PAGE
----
Wednesday's Early Winners & Losers: Trimeris Shifts Gears

Shares surge after announcing a restructuring of its operations.
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Trimeris

(TRMS)

jumped 15.5% in after-hours trading Tuesday after the biopharmaceutical company announced a strategic shift in its operations.

The Morrisville, N.C.-based company said it will restructure to focus more on the profitability of its HIV drug Fuzeon, cutting jobs and other programs unrelated to the drug in the process.

As part of this reorganization, Trimeris Chief Executive Officer Steven D. Skolsky will resign and Chief Scientific Officer Dani Bolognesi, a former chief executive of Trimeris, will replace Skolsky while continuing to serve in his current role. Trimeris expects to have the new business structure in place by year-end. Shares were trading up $1.56 to $11.60.

American Oriental Bioengineering

(AOB)

rose on a large third-quarter earnings increase that met Wall Street expectations. The China-based company earned $7.6 million, or 12 cents a share, up from $3.7 million, or 8 cents a share, a year ago. Revenue soared 101.9% from a year ago to $27.1 million.

Two analysts polled by Thomson Financial had estimated income of 12 cents a share on revenue of $26.1 million. Shares were up $1.24, or 14.7%, to $9.67.

Analog Devices

(ADI) - Get Report

gained after the Norwood, Mass.-based company more than doubled its profits for the quarter ended Oct. 28. The chipmaker posted income of $138 million, or 39 cents a share, compared with $68.3 million, or 18 cents a share, a year ago. Revenue was up 4% to $644.3 million. Earnings fell short of the 40-cents-a-share estimate that analysts had projected, but they were in line with Analog's own outlook, which the company had trimmed in October.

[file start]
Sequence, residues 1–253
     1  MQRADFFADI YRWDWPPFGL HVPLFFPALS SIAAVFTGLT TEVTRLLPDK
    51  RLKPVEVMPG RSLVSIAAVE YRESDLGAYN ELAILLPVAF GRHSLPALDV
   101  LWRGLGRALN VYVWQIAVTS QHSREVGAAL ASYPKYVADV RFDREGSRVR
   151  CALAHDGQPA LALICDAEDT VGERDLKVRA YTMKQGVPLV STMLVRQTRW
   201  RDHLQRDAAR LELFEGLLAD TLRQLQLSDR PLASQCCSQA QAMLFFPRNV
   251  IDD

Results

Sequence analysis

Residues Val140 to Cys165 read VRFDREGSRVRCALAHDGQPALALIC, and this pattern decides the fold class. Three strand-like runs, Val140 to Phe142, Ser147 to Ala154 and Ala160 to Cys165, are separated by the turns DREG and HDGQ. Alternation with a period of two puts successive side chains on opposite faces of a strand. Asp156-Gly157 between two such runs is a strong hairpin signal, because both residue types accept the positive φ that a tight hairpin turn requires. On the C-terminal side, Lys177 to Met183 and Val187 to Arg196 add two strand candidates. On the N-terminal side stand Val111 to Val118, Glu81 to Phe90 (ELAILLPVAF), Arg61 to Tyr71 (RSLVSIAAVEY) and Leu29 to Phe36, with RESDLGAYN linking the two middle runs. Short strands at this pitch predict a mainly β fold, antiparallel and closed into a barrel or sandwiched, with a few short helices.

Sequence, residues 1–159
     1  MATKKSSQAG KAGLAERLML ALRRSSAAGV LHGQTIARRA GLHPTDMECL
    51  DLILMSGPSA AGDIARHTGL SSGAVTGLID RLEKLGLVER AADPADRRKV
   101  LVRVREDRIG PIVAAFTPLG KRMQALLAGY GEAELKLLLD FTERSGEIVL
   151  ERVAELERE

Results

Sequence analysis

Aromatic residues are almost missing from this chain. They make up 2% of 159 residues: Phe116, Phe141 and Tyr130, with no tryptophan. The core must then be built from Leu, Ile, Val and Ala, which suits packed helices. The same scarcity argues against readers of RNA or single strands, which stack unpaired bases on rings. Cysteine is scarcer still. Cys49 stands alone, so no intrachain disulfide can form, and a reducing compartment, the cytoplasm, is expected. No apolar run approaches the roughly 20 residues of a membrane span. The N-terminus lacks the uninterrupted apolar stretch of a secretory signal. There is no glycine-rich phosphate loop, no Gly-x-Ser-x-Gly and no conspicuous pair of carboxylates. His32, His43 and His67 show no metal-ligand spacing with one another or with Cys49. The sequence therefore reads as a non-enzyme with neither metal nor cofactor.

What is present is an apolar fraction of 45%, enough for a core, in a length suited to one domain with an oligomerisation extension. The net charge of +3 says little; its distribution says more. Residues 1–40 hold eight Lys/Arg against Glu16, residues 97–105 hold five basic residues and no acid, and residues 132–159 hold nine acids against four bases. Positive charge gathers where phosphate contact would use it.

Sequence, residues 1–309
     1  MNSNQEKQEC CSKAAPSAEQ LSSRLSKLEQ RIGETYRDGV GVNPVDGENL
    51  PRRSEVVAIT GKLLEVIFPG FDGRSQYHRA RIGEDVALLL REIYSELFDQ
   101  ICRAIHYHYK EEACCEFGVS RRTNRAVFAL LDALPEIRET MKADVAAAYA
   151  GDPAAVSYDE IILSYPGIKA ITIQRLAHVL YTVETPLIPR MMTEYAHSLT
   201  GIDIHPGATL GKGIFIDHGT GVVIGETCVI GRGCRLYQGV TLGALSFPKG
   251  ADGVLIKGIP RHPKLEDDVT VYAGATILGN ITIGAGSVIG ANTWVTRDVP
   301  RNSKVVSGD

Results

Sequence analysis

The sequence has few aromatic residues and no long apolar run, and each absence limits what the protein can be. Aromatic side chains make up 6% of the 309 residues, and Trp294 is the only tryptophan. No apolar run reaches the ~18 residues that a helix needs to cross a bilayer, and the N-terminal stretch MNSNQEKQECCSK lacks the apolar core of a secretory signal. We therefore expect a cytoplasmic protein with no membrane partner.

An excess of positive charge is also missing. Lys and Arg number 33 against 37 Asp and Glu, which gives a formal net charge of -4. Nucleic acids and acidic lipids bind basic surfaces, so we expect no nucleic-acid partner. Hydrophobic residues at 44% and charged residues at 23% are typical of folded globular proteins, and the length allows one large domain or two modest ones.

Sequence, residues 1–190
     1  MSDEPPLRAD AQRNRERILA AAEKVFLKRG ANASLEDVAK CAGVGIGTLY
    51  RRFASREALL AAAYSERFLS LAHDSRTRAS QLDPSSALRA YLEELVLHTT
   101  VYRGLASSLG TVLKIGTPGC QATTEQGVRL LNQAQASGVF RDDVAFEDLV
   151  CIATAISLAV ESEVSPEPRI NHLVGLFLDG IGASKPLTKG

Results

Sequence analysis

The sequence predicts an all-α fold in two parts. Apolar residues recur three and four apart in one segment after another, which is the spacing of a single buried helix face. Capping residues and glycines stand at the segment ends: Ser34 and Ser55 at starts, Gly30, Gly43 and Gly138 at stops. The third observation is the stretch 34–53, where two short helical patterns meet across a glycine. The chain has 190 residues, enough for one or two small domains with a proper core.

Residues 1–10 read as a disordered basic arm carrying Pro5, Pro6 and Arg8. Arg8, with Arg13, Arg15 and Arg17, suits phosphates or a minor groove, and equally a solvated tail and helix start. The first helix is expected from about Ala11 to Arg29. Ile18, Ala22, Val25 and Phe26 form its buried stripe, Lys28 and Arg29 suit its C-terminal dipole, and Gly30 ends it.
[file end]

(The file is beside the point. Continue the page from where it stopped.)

Looking ahead, Analog expects product sales of between $635 million and $670 million, and an additional $35 million in one-time revenue from a patent-license fee received earlier this month. Shares were up $1.82, or 5.5%, to $34.85.

Pittsburgh-based

Ansoft

(ANST)

slid after it posted disappointing results for the quarter ended Oct. 31. The electronic-design software company earned $3.7 million, or 14 cents a share, compared with $4.1 million, or 16 cents a share, a year ago. Revenue went up 14% to $20.5 million, pulling just ahead of analysts' $23.4 million projections. Earnings, meanwhile, were in line with Wall Street estimates. Shares were down $1.03, or 4%, to $24.75.

Steak 'n Shake

(SNS)

fell on decreased third-quarter income, as well as revenue that just missed Wall Street expectations. The Indianapolis-based restaurant chain met analysts' earnings expectations, yet it still made only $7.5 million, or 27 cents a share, compared with $8.7 million, or 31 cents a share, a year ago. Revenue increased to $152 million from $145.7 million a year ago. Analysts, however, were looking for $154.7 million. Shares were down 90 cents, or 4.9%, to $17.50.